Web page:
Safety Tips



  1. Inspect all components –Begin with a thorough inspection of tires, wheels, brakes (if equipped), wheel bearings (know maintenance schedule), spring mounts and snubbers, lug nuts (properly torqued), and fenders (fasteners, adequate tire clearance when loaded.
  2. Examine load-bed, repair damaged load bearing components in load-bed.
  3. Inspect cargo tie-down fittings for tightness and function. Repair faulty tie-down fittings.
  4. Carefully check side paneling or side railing for structural integrity and damage. Repair damaged panels as required.
  5. Check electrical integrity and physical condition of wiring system on trailer. Verify after connection to tow vehicle that all lighting and signaling circuits are working and matched to the correct tow vehicle control device. Wiring may be partially hidden so including cargo tie-down fittings electrical integrity is an essential check.
  6. Verify that the cable connecting the trailer to the tow vehicle has adequate length and location to allow sharp turns left and right. A different tow vehicle may reveal a trailer cable to be too short due to different connector location. Too short a cable will damage both ends of the connector when tow vehicle and trailer are turned.
  7. FINALLY — The MOST IMPORTANT SAFETY INSPECTION must focus on the ball hitch connection, the tow vehicle hitch frame or assembly, and the tongue/ball coupler attached to the trailer. These three component assemblies comprise, in the aggregate, critical connection strength and safety – the failure of any one of which spells danger for towing vehicle, tow vehicle passengers, and nearby vehicles and occupants. No inferior or damaged or improperly installed component should be tolerated.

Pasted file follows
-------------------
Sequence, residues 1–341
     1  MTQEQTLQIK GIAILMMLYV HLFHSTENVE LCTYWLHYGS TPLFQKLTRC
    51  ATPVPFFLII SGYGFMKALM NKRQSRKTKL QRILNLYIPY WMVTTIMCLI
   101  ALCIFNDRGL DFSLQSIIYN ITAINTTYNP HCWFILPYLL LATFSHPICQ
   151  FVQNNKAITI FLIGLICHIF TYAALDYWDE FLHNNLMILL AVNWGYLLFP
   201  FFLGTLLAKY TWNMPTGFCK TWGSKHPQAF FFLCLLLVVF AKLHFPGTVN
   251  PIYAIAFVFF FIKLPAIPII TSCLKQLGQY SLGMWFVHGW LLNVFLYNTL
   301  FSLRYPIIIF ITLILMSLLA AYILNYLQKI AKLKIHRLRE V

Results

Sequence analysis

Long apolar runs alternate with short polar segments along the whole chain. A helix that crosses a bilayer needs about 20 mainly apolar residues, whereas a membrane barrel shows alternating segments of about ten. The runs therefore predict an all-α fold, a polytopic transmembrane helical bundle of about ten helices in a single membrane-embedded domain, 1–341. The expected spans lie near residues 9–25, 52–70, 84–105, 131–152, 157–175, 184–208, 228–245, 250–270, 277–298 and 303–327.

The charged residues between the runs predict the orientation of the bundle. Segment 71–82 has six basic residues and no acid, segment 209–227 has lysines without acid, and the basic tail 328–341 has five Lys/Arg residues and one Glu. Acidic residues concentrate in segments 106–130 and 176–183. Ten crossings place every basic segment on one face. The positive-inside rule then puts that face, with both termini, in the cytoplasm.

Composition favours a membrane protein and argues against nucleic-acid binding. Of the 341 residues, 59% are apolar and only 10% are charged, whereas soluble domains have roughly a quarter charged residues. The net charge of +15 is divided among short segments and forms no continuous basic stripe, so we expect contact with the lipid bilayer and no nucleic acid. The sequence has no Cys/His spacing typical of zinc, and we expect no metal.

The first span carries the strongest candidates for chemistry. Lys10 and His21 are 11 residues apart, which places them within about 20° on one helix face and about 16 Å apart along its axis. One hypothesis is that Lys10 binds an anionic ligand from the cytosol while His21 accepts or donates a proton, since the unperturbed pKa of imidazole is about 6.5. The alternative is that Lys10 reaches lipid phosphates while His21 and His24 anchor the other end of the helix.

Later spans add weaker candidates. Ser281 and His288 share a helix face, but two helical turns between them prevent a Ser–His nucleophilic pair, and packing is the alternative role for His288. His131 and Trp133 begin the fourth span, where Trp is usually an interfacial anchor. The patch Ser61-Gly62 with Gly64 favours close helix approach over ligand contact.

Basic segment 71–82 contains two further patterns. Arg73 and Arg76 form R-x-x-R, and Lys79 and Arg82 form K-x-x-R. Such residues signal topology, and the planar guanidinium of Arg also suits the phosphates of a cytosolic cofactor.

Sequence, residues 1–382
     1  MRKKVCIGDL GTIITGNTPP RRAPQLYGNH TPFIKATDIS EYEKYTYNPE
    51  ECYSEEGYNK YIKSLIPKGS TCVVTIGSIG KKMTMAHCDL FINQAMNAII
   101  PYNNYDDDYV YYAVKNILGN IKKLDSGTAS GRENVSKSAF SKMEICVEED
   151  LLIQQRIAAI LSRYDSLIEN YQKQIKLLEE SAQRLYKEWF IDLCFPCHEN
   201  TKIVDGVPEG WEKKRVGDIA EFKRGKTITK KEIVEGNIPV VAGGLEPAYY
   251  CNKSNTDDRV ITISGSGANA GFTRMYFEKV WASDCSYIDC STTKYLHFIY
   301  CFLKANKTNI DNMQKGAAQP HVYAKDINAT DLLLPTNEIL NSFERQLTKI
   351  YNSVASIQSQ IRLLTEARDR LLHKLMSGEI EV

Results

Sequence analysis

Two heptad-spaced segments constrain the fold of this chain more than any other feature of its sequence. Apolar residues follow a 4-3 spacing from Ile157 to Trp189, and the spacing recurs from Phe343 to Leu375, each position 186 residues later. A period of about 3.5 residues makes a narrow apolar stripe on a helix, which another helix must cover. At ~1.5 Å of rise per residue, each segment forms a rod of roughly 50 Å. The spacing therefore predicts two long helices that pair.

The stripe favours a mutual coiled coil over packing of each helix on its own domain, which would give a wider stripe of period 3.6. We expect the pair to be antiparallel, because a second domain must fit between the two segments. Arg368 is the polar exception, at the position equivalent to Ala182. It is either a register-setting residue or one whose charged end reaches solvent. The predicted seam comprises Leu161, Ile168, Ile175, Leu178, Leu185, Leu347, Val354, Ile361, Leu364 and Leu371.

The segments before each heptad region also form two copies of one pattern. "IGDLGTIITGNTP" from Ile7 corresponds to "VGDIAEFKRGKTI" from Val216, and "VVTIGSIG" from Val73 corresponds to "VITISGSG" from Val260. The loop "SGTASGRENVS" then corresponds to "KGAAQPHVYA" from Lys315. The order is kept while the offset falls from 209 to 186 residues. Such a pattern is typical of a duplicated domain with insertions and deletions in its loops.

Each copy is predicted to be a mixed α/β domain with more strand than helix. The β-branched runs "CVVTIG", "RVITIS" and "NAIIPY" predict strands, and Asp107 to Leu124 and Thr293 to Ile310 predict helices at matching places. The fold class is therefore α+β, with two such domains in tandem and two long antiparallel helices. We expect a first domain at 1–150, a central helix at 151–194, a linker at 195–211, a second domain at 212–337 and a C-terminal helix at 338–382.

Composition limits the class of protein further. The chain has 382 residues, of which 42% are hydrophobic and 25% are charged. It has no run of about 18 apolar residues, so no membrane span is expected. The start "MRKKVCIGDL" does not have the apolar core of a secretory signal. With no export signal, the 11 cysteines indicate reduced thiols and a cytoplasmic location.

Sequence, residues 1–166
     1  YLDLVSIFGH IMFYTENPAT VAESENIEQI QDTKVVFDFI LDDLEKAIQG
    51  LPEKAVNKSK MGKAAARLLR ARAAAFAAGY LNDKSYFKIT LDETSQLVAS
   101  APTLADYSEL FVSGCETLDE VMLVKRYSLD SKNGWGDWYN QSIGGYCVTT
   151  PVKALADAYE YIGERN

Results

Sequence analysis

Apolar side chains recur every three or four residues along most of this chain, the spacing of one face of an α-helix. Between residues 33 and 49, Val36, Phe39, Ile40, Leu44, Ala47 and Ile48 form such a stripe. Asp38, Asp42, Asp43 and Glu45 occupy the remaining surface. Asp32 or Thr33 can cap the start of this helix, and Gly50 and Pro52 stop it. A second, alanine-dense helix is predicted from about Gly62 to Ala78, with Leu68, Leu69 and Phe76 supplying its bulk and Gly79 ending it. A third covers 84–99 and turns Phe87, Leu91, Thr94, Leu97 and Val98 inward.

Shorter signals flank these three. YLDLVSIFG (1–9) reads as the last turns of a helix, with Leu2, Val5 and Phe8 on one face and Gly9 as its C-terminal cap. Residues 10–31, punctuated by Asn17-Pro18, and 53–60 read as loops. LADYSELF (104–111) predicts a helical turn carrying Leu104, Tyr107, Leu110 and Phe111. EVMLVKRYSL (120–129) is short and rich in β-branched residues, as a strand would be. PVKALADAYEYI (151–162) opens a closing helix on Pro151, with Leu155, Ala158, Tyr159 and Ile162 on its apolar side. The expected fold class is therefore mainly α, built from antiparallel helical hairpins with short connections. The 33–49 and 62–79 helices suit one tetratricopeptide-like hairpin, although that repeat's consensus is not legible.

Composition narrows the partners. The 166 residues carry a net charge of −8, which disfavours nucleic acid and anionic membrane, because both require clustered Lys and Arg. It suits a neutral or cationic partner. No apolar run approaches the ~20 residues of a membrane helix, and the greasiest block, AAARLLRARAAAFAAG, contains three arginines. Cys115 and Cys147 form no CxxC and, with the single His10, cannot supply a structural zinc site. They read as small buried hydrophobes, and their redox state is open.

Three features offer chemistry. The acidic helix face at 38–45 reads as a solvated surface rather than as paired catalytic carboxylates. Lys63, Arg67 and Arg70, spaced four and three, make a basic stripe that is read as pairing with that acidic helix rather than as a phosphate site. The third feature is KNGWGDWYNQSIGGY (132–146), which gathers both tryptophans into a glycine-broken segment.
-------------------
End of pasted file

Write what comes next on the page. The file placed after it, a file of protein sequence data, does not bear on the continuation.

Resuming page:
1. Assure tow vehicle hitch is securely mounted to the vehicle frame (bumper hitches should be avoided entirely} and that the hitch category rating is appropriate for the trailer capacity and intended use.
    2. If it is a receiver type hitch (most are) make certain that the ball is securely tightened to proper torque on the ball mount. Make certain that the retaining pin (ball mount/receiver hitch) is the proper size and has a retaining spring keeper.
    3. Make certain that the ball size matches the trailer coupler size and that it has been lightly greased to prevent excessive wear.
    4. Check the welds or bolts connecting the coupler assembly to the tongue. Refer to the coupler manufacturer’s data sheet to verify proper connections.
    5. If the tongue is a separate assembly from the frame of the trailer (like the FoldABull) be certain to visually check hinge pins for proper position.
    6. Make ABSOLUTELY CERTAIN that there are TWO safety chains – not just one; verify condition of the chain (if a chain has dragged on the pavement it may be unusable); verify proper length of each chain to allow full right and left articulation of the trailer/tow vehicle without binding; examine and verify that hooks, clevises, or bolts used to fasten the chains to the tow vehicle on one end and the trailer on the other end are in “as new” condition, adequately sized to control the loaded trailer if it should become detached from the tow vehicle. THIS COMBINATION OF COMPONENTS IS CRITICAL TO SAFE AND LEGAL OPERATION OF A TRAILER. OTHER THAN OPERATOR FAULT, THEY ARE ALSO THE MOST LIKELY TO BE RESPONSIBLE FOR ACCIDENT AND DAMAGE TO THE VEHICLE/TRAILER COMBINATION.


  1. **Be especially mindful of the maximum load capacity of the trailer – NEVER EXCEED THAT LIMIT.